Out & Standing

If you told the 24, or even 34 year-old version of me that one day I’d be sharing thoughts publicly on what Pride Month means to me I’d have called you crazy. Or worse, back then, misguided. My path to Pride hasn’t been clear or easy, and it’s probably been more private than some. The truth is, this 44 year-old is still figuring it all out, and every day gives me a chance to learn something new about myself, my community and our place in these evolving and complex times. So what Pride Month means to me is that how you define yourself doesn’t matter. What matters is that you stand up.

Because I “sat down” for a long time.

I sat down because in our business, chemistry – sometimes even alchemy – with our clients means the difference between a thriving relationship or a challenging one. We live to “click” with our clients. So I thought for a long time that I needed to play a part… to be whatever version of myself the client wanted to see to get the job done, to deliver value, to create that chemistry. In truth, I don’t think this thinking is limited to LGBT people… we all learn to “play our parts” when we need to. But I remember many years ago a client described his co-worker to me as “light in the loafers,” and joked, “He’ll never get ahead” because of it. I remember chuckling along, amiably, desperate to shift the focus… but gutted. What else could I do, as my fears were confirmed? I was convinced that revealing my true self would limit me. So I sat down, convinced I’d be more successful for it. I was wrong. I know now that clients need us to bring our truest selves to any issue, and to counsel them from a place of honesty. Today, in an era of fake news, rife with skepticism and propensity to doubt before we trust, I’m trying to stand up for authenticity, particularly in the way I carry myself or show up with our clients… to earn that chemistry, not force it. My ask of you – stand up as your own authentic self, and work really hard to create an environment where others can, too.

I also sat down because I thought that even in a culture as inclusive as Ketchum’s, I was afraid my colleagues would brand me as “different” or think I was less commanding a leader or capable in our craft if they knew I was gay. Maybe you’re shaking your head right now or saying, “That’s crazy.” But think about yourself… Don’t we all worry that something about ourselves might hold us back? It’s universal. So for years, I was masterful at the deceptive use of pronouns, especially at work. Colleagues would ask how I spent my weekend… “A bunch of us went to a great dinner,” I’d reply. Or, “We went away for the weekend,” masking the great adventure my partner, now husband, and I shared together. I sat down because I thought leadership meant work/life separation, not balance and certainly not harmony. I was wrong, as scholar and University of Houston Professor Brené Brown has said: “Leaders and employees who are vulnerable and authentic with one another are more likely to feel connected, increasing workplace productivity and employee engagement.” (Check out Brené Brown’s inspiring TED talk here). My ask of you – give friends, clients and colleagues the space they need to be themselves, and the invitation to be their full selves when they’re with you.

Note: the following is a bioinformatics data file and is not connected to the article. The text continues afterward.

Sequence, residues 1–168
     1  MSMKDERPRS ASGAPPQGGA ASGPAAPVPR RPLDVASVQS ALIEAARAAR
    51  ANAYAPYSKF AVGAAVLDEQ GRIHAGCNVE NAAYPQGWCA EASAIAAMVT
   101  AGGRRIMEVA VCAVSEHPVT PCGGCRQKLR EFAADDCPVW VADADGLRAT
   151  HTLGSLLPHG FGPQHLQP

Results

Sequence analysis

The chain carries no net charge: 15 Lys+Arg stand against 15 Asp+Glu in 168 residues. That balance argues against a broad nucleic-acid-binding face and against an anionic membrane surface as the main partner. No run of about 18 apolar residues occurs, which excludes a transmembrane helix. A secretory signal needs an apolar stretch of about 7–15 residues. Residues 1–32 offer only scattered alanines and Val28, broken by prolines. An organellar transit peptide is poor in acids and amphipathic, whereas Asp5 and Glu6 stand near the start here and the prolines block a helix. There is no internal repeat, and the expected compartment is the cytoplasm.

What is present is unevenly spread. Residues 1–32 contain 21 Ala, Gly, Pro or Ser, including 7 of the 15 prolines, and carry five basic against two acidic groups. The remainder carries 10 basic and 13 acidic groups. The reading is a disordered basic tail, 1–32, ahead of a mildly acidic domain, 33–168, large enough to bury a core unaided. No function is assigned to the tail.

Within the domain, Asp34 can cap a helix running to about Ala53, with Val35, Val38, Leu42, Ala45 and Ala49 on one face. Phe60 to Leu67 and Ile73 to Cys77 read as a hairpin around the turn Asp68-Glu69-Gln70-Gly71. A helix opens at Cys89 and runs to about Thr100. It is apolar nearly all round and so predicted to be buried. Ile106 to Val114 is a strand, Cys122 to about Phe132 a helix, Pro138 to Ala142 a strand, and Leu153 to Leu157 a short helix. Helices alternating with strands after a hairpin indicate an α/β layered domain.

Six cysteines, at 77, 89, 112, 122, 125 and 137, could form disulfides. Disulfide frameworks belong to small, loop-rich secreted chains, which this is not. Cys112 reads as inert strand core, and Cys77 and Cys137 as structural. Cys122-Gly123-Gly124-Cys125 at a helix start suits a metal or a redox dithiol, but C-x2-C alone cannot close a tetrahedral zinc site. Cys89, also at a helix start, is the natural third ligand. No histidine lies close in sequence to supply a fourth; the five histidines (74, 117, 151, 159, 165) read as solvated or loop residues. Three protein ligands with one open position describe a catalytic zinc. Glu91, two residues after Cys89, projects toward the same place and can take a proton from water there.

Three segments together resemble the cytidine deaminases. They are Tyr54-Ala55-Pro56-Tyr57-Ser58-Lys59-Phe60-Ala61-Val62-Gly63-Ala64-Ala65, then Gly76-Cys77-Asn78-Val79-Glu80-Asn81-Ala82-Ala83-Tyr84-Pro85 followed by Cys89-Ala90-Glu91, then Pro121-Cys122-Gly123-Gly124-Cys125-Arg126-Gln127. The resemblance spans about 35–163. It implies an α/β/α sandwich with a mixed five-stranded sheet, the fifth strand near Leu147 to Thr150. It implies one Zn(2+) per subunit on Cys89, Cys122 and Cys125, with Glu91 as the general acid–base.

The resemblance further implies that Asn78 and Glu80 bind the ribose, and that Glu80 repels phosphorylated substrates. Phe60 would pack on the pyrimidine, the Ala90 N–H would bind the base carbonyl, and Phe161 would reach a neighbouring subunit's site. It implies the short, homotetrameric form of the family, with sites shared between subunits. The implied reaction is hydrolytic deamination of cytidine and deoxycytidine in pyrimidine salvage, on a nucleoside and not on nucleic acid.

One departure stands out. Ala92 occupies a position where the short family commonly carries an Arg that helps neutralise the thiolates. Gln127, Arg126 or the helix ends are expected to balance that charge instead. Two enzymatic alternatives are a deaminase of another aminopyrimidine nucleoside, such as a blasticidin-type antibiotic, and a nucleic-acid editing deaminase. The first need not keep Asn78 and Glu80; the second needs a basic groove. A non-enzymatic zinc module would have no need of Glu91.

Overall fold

I also sat down because in my zeal for a definition of what I was or wasn’t, I craved finality. Even when I chose to share my orientation with someone, I would offer an inoculating caveat – “You’ll never see me march in a parade. That’s not my thing.” On Sunday, June 25, I’ll join 100 other Omnicom colleagues to participate in the New York Pride Parade – a first for the agency network, and a step on my own journey I never would have predicted. My ask of you – recognize that whether you’re gay, straight or still sorting it all out, Pride Month celebrates the journey, not the finite destination.

We are living in times that require resiliency and resolve, passion and patience, regardless of your beliefs or orientation. As communicators, what an opportunity and an obligation we have to uncover the great human truths, to report on the issues that matter to people and help our clients do great things to advance our global society… authentically. For me, Pride is a month-long reminder of a life-long professional calling, and a personal promise to never sit down again.


Ketchum CEO Mike Doyle leads one of the world’s top communications consultancies, helping companies tell their stories, connect with the people they care about most and use communications to inspire action. Mike has helped clients launch products and services, merge or acquire new companies, navigate issues and crises and determine their purpose in an increasingly competitive, connected and consumer-empowered global society. He is the executive sponsor for Omnicom’s global OPEN Pride employee resource group and serves on the global Board of Directors for GLAAD, the world’s leading organization dedicated to accelerating acceptance for the LGBTQ community. A native of Philadelphia, Pennsylvania, and a graduate of Muhlenberg College, Mike splits his time between New York City, Asbury Park, New Jersey, and on the road, serving Ketchum’s extraordinary colleagues and clients.